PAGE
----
It would be nice if we could possibly create a topology diagram report that we could export since vmturbo knows all the links it could be useful to see in a diagram.
Hi ryan.lawrence that is a good idea, and you are right, we have the data. The Demand and Supply Chain topology is inherent to our analytics.
The challenge in creating a report is how to render 100's, 1000's, 10K or more objects in a diagram (we have some customers with over 40K VMs being managed by VMTurbo). Do you have any ideas on diagram, visual renderings that might tackle that kind of topology?
How would you like to see this? I was actually browsing some templates here Online Diagram Software to draw Flowcharts, UML & more | Creately
doing an entire topology diagram might be a bit much for some environments. But have the ability to diagram from groups you have made or select something like a datastore and vizualize what that interconnects to. There are tools like veeam reporter that can do that and it could be something neat to see in vmturbo.
Ok and then to complete the idea, tell me a little about how you would use this information? What would be the use case that you would go to this diagram instead of the Supply Chain we have in the product? Appreciate your input!
Maybe you need to perform maintenance on a datastore, group of datastores, host, etc and want to be able to pull up a report showing all dependencies for change management controls. Maybe you have an application group experiencing performance issues of some kind and they are requesting reports showing dependencies for their systems in question so that they can then start eliminating them one by one? Maybe we can already pull most of this from the current reporting engine and views? Just talking out loud here...
When there are issues with applications I always get asked what host is this running on and what datastore is it on because they are trying to trouble shoot potential bottlenecks. If I can quickly print out an application topology overview diagram they would probably think that was awesome. Also sometimes application A is having performance issues and some teams dont realize it pulls information from application B that is on a slow datastore, if you can visualize that stream it helps. That could be just the start.. You could also get fancy down the road and have color coded like you already do and show the datastore as Red (unhealthy) in the diagrams and show that to the teams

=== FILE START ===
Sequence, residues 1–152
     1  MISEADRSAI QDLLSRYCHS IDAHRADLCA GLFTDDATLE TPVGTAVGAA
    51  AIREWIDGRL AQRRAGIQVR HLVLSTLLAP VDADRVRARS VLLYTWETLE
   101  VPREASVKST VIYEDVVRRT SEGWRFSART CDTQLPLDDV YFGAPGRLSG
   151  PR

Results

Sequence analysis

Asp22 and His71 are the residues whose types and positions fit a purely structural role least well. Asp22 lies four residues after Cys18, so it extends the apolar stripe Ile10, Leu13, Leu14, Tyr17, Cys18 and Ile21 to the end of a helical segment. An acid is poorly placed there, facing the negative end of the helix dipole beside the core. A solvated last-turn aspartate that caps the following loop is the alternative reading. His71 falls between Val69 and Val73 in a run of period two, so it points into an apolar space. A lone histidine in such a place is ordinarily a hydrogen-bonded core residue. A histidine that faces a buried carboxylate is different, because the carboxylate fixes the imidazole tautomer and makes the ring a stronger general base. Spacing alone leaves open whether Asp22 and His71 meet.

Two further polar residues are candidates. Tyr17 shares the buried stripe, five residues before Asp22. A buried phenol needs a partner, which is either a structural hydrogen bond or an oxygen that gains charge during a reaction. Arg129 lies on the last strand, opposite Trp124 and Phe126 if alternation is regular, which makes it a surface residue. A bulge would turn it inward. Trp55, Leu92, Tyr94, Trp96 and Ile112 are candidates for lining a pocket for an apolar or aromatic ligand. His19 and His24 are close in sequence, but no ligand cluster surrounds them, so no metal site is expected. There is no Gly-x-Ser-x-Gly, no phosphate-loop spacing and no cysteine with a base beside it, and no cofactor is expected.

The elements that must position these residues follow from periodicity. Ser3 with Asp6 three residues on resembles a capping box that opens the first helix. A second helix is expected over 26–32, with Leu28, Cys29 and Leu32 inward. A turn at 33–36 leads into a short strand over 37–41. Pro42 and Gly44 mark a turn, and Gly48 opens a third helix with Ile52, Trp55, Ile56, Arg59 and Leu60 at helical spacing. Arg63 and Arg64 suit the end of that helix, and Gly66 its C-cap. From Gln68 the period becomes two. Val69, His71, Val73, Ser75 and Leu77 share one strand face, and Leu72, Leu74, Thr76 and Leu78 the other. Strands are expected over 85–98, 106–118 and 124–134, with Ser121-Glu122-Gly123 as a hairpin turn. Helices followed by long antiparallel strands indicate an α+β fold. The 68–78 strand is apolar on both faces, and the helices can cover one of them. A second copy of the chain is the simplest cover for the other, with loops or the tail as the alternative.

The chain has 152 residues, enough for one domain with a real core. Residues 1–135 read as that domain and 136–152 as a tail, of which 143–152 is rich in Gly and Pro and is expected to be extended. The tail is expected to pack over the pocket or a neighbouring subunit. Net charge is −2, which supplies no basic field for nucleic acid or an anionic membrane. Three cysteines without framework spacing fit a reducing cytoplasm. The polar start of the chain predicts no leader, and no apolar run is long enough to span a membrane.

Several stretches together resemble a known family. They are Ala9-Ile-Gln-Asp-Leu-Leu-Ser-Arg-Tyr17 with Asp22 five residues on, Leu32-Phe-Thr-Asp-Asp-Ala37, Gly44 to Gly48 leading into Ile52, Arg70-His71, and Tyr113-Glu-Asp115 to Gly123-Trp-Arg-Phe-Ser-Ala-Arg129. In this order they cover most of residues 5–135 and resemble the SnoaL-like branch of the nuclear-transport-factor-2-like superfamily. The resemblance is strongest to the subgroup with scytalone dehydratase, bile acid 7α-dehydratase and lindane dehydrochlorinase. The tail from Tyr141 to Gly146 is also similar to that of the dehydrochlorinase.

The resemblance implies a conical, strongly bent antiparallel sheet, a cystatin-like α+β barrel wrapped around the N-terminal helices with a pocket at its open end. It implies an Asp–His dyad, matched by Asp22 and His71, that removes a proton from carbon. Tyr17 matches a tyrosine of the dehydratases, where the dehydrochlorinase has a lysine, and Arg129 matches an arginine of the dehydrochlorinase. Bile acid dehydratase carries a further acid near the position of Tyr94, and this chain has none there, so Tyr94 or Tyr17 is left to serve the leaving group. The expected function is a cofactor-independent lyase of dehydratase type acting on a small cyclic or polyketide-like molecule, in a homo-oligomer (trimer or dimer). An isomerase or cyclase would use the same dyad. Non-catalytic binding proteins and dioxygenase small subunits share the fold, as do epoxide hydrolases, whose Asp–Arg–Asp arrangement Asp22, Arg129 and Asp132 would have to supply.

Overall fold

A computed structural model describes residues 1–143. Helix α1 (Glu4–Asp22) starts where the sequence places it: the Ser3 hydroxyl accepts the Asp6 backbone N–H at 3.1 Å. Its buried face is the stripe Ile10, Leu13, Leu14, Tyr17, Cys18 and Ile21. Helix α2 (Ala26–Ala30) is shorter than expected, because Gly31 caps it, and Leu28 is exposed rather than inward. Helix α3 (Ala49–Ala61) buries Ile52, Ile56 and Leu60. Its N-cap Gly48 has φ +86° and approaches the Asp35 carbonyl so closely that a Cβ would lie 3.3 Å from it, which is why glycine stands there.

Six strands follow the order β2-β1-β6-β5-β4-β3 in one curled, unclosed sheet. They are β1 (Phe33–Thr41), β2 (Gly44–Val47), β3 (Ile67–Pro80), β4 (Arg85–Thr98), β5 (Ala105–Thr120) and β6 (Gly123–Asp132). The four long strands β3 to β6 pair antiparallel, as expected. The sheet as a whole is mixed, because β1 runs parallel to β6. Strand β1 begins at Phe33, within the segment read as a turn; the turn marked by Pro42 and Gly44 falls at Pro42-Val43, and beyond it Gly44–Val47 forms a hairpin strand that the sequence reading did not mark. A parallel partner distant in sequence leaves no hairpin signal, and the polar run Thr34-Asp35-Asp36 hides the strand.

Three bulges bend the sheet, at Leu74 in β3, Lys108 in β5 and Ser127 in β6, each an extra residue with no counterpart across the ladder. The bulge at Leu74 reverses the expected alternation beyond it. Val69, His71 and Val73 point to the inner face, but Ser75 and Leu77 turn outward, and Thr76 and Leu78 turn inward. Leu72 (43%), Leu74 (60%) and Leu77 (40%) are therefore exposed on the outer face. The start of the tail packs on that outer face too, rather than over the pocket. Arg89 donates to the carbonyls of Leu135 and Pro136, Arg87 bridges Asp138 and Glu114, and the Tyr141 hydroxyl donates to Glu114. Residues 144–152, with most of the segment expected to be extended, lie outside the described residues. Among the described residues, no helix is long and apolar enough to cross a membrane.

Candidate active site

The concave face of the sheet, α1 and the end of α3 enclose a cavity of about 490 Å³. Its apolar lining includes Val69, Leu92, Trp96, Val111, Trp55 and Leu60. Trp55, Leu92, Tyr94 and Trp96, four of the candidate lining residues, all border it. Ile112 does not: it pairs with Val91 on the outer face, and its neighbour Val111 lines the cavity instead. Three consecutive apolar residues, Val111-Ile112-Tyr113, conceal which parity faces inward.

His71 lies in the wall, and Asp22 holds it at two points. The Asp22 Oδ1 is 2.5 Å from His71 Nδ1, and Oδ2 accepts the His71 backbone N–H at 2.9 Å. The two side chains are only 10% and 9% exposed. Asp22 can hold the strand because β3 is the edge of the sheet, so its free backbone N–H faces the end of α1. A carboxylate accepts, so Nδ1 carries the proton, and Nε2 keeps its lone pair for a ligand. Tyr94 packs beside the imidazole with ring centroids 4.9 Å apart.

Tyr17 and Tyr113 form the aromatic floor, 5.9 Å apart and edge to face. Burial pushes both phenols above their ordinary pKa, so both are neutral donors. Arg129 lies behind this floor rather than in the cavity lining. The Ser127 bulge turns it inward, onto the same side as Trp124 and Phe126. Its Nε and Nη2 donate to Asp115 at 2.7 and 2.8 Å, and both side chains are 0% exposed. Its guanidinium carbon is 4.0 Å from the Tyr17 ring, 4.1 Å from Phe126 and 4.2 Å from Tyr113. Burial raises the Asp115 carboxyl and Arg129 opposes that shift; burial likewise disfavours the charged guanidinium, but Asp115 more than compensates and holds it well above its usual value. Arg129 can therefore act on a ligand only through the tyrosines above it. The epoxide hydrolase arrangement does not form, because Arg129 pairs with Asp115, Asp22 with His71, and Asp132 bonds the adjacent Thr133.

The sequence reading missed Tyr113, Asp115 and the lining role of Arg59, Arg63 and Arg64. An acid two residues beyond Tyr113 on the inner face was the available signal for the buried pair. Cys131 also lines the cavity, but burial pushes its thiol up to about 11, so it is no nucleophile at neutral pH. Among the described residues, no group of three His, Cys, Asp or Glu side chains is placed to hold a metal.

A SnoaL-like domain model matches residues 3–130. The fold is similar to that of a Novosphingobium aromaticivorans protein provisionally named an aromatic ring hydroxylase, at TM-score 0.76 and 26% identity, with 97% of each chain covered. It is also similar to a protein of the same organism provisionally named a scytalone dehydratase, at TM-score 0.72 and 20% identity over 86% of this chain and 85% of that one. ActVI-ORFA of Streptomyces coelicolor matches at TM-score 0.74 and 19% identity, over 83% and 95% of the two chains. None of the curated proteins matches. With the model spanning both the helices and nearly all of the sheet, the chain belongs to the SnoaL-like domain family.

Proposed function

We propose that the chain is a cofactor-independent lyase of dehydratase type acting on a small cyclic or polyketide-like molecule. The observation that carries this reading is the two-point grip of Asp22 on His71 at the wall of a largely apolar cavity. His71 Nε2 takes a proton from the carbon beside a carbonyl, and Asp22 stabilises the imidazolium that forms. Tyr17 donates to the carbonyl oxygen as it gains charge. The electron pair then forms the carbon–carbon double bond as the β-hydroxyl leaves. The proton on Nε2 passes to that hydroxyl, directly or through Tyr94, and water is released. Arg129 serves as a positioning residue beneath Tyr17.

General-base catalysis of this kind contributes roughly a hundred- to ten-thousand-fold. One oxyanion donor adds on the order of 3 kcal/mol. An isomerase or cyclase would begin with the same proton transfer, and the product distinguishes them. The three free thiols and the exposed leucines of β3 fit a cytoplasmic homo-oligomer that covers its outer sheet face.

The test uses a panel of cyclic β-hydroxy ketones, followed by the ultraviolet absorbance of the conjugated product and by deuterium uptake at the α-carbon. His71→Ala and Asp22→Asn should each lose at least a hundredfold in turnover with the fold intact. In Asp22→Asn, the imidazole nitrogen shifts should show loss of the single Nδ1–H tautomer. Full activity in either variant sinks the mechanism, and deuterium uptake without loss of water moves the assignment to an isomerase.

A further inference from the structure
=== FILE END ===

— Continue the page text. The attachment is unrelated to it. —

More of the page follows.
Actually, I've been experimenting with d3.js, using it to display information I can get out of the REST API. I created what they call a Hive chart that shows links between hosts, data stores and Vms, per cluster. That would be one way to do this. Another way... d3.js has a layout for showing networks as a web of nodes. Probably more chaotic than the hive chart, but it's another approach. You should look at d3.js - google that to find lots of neat examples. And if you're really interested, I could share the code I've come up with so far for this. Basicallym you would get a web page that displays the chart... Not really a report, and not really part of the product GUI... Something in between.
Would be interested to see some some unofficial screenshots of this. Thinking that could be useful to throw up on a big screen in the NOC maybe.
I second that screenshot please!
For what it's worth... Here's an image of a cluster. Remember, I did this with the REST API.
And here's where I can show the selected entity, plus the related entities...
This is what's called a Hive Chart on the d3.js site.
The lib I used is d3.js. It can also do a web of nodes, where it figure out the best spread of the nodes according to number of links. I suspect that wouldn't be too useful because you don't get order according to node type. There might be other interesting ways to do this... We already display node trees in the Inventory view, but that doesn't do it for you. So hierarchy might not be the right way to go. You should look at the following -- you might get some good ideas... If you do, let us know!
Gallery · mbostock/d3 Wiki · GitHub
In the new user interface we have a supply chain diagram that gives you a high level set of connections. When you drill into an individual entity you can see their connections. For now, this is likely as far as we are going to get.
Retrieving data ...